Consider integer polynomials $P \in \mathbb{Z}[X] \setminus \{0\}$ of a degree $D \geq 1$ and without multiple complex roots. Let me introduce a notation
$$
d(P) := \frac{1}{D} \log{|\mathrm{Disc}(P)|}
$$
for the *logarithmic root discriminant* of $P$. An outstanding open problem is to prove (or disprove) that $d(P) \to \infty$ under any sequence of polynomials with degrees $D \to \infty$. Indeed it seems rare to have $d(P)$ much smaller than $\log{D}$; though that can certainly happen, since for instance $d(P) = \log{D} - \log{\log{D}} + \log{\log{\log{D}}} + O(1)$ when $P = \Phi_{p_1 \cdots p_k}$ is a cyclotomic polynomial of a level equal the product of the first $k$ primes (asymptotically as $k \to \infty$).

Let $\ell^1(P)$ be the sum of the absolute values of the coefficients of $P$.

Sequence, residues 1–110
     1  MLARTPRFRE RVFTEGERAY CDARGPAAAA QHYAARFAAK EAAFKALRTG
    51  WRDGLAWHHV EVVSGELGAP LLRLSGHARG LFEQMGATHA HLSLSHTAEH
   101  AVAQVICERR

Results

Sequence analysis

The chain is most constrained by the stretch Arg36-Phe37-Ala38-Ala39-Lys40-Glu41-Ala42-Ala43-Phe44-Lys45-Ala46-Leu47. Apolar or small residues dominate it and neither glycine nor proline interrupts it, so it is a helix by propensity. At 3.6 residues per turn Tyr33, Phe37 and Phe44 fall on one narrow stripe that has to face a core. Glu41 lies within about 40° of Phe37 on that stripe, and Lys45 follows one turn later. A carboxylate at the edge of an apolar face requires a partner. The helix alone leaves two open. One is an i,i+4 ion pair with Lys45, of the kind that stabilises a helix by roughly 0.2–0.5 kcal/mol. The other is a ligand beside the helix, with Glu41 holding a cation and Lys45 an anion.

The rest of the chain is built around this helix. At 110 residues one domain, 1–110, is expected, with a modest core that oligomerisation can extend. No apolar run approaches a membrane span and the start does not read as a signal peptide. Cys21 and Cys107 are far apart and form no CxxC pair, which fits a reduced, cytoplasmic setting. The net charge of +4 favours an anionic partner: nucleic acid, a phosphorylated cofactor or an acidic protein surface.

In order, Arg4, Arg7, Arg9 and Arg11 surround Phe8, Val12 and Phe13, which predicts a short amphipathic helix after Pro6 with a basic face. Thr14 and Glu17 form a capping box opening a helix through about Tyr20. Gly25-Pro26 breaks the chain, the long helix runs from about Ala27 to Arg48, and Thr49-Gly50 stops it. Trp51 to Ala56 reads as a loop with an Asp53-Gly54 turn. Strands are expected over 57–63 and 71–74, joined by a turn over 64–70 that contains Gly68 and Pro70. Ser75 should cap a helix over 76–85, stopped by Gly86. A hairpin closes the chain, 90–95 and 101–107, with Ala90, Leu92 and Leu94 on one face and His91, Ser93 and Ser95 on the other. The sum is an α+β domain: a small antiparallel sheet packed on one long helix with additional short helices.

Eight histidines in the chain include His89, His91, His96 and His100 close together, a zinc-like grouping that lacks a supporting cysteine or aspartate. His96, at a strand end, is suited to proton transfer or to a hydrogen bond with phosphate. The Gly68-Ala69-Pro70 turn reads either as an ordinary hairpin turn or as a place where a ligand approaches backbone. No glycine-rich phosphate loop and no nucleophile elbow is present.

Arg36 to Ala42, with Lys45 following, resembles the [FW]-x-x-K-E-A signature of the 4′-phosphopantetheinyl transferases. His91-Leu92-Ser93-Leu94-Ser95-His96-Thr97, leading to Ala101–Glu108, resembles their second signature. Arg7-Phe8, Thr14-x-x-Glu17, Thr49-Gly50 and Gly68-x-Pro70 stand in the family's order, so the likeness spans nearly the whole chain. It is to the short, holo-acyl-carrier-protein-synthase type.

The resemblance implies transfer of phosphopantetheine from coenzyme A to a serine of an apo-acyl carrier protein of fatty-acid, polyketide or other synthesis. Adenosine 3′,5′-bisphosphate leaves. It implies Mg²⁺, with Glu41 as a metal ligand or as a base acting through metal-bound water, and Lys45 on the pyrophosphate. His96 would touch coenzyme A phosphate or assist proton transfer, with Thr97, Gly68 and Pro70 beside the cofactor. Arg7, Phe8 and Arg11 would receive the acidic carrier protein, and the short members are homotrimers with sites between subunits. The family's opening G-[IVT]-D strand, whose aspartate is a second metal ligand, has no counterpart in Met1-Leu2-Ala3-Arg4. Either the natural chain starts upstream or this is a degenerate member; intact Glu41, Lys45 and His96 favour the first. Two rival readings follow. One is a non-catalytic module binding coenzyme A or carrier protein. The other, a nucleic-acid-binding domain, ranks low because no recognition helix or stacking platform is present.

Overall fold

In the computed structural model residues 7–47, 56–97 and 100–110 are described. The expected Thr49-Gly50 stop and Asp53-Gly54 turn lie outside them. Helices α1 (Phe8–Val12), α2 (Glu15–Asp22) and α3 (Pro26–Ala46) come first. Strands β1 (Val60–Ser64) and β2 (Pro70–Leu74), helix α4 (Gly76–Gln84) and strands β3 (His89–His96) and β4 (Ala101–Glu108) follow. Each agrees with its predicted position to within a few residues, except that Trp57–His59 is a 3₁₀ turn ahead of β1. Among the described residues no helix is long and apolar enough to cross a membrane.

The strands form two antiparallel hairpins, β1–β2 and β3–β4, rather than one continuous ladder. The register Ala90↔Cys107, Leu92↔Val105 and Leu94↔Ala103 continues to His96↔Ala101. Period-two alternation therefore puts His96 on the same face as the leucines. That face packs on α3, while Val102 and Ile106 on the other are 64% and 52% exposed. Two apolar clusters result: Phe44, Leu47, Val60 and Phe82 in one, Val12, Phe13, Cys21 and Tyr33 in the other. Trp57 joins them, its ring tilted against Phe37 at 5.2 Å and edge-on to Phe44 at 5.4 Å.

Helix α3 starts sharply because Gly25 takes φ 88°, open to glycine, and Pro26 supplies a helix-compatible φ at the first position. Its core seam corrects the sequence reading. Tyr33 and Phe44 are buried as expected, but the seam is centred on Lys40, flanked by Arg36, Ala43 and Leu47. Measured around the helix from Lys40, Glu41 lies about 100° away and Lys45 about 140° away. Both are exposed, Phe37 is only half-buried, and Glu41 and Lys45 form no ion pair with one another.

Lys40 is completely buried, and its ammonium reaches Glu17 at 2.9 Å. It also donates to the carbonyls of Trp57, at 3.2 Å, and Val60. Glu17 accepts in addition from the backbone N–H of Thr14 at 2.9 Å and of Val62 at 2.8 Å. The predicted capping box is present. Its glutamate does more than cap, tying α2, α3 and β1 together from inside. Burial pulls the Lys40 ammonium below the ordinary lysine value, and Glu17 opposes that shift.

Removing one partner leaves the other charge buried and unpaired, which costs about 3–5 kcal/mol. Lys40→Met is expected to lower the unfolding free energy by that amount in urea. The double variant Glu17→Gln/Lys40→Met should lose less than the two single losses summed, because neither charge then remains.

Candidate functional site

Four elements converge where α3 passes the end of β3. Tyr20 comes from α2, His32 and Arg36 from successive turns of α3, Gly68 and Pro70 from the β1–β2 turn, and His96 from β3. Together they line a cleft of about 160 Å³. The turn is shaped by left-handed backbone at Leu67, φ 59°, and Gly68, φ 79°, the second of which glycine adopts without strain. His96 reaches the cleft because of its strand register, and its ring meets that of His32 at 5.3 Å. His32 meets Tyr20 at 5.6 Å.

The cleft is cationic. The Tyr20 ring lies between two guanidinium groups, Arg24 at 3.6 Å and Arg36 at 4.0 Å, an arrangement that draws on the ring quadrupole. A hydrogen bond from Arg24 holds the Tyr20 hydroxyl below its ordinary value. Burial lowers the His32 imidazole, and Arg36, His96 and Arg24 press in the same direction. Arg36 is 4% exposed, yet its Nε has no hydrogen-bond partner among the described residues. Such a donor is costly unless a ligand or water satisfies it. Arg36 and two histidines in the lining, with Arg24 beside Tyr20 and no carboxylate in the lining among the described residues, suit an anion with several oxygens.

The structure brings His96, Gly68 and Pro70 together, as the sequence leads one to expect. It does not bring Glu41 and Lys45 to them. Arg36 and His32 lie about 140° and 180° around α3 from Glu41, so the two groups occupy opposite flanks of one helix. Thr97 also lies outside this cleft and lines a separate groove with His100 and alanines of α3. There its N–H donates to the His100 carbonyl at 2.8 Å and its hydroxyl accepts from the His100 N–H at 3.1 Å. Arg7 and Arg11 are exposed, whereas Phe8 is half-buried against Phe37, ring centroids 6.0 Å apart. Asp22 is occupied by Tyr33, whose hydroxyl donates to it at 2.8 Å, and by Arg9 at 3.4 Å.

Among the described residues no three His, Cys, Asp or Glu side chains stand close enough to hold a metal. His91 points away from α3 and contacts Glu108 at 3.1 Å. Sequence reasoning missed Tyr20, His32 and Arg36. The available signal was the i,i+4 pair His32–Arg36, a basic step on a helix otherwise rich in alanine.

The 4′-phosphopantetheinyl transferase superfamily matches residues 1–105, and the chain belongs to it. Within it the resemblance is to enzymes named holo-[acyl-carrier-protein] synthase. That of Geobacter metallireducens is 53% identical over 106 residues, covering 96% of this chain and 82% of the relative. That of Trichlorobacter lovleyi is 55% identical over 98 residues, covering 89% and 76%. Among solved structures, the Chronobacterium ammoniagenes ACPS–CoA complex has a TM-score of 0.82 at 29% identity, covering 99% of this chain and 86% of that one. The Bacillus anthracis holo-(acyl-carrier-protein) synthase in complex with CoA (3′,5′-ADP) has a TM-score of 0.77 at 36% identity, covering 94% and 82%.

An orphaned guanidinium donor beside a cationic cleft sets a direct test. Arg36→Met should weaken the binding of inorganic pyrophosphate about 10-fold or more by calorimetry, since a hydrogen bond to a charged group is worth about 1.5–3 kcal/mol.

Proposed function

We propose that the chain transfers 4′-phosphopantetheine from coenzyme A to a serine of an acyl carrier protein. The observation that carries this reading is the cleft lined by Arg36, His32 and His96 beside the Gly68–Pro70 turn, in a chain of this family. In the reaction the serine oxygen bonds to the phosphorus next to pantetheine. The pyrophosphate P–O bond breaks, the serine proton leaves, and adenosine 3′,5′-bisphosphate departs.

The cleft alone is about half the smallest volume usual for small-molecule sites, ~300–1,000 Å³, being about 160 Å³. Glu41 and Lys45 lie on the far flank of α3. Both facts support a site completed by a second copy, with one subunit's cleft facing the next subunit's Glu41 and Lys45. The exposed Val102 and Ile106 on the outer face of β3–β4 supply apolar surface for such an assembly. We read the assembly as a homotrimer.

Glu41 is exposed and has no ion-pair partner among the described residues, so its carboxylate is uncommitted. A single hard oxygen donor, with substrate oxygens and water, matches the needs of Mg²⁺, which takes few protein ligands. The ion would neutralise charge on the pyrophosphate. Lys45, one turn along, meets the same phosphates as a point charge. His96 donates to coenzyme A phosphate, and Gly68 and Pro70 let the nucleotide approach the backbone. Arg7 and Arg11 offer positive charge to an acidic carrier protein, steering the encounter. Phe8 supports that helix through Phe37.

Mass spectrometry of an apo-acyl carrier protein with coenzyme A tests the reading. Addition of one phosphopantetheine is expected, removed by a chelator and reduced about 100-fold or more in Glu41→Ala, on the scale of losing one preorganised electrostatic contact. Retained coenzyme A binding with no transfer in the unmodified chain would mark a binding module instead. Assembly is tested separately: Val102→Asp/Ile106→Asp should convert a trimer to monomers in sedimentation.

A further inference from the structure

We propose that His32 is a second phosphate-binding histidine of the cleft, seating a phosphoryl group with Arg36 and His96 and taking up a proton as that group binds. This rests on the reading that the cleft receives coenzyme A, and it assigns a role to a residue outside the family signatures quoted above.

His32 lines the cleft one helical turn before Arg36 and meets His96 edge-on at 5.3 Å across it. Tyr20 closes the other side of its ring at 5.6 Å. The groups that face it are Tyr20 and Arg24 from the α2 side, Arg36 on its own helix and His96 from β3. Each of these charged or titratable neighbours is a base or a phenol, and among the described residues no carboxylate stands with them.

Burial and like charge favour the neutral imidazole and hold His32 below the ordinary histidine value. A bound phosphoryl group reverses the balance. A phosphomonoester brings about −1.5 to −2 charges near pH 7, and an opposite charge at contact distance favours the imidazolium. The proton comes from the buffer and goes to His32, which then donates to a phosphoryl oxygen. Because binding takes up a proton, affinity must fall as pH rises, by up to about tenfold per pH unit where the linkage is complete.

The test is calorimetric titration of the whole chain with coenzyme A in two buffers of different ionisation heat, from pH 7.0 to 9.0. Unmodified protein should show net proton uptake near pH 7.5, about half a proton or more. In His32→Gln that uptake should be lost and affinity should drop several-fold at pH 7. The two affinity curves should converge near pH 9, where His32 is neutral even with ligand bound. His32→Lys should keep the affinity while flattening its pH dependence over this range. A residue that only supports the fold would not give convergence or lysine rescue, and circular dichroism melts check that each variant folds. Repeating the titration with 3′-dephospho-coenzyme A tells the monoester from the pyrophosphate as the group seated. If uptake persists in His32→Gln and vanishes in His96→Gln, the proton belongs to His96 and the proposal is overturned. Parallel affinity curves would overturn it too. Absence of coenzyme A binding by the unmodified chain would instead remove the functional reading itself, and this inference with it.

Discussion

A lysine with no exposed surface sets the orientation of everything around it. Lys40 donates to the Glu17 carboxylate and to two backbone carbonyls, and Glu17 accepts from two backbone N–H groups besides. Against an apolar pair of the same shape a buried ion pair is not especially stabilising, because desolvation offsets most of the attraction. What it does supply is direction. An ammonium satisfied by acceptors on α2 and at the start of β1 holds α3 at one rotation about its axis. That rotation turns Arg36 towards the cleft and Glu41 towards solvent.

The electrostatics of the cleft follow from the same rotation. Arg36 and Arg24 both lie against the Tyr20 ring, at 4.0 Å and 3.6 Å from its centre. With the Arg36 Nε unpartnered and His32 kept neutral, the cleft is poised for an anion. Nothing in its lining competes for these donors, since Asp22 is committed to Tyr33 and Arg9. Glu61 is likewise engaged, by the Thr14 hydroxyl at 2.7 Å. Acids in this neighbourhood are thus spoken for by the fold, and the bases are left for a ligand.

**Question.** *Does
$$
d(P) = \log{D} + O(\log{\ell^1(P)}),
$$
with an absolute implied coefficient?*

This is really about a lower bound on the discriminant of a polynomial with small integer coefficients; the explicit upper bound $d(P) \leq \log{D} + 2 \log{\ell^1(P)}$ is certainly known to hold for all polynomials, thanks to Mahler's classical inequality. Besides this rudimentary observation we note that the answer is certainly positive for all trinomials, thanks to an explicit formula of Swan.

A part of this question is, in particular, whether all cyclotomic polynomials $P = \Phi_N$ have large enough coefficients to meet a discriminant lower bound $$ d(P) - \log{D} \gg - \log{\ell^1(P)}, $$ which seems not immediately obvious. (What is the asymptotic for the $\ell^1$ norm of $\Phi_{p_1 \cdots p_k}$, where $2 = p_1 < p_2 < \cdots$ is the sequence of primes?)